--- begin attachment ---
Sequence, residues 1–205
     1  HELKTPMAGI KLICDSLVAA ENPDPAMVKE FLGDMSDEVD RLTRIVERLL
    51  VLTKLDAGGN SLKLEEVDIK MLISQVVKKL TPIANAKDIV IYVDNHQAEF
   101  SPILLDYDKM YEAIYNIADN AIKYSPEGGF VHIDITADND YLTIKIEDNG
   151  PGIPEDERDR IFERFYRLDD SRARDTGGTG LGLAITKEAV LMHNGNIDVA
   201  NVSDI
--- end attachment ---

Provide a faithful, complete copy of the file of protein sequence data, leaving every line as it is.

Sequence, residues 1–205
     1  HELKTPMAGI KLICDSLVAA ENPDPAMVKE FLGDMSDEVD RLTRIVERLL
    51  VLTKLDAGGN SLKLEEVDIK MLISQVVKKL TPIANAKDIV IYVDNHQAEF
   101  SPILLDYDKM YEAIYNIADN AIKYSPEGGF VHIDITADND YLTIKIEDNG
   151  PGIPEDERDR IFERFYRLDD SRARDTGGTG LGLAITKEAV LMHNGNIDVA
   201  NVSDI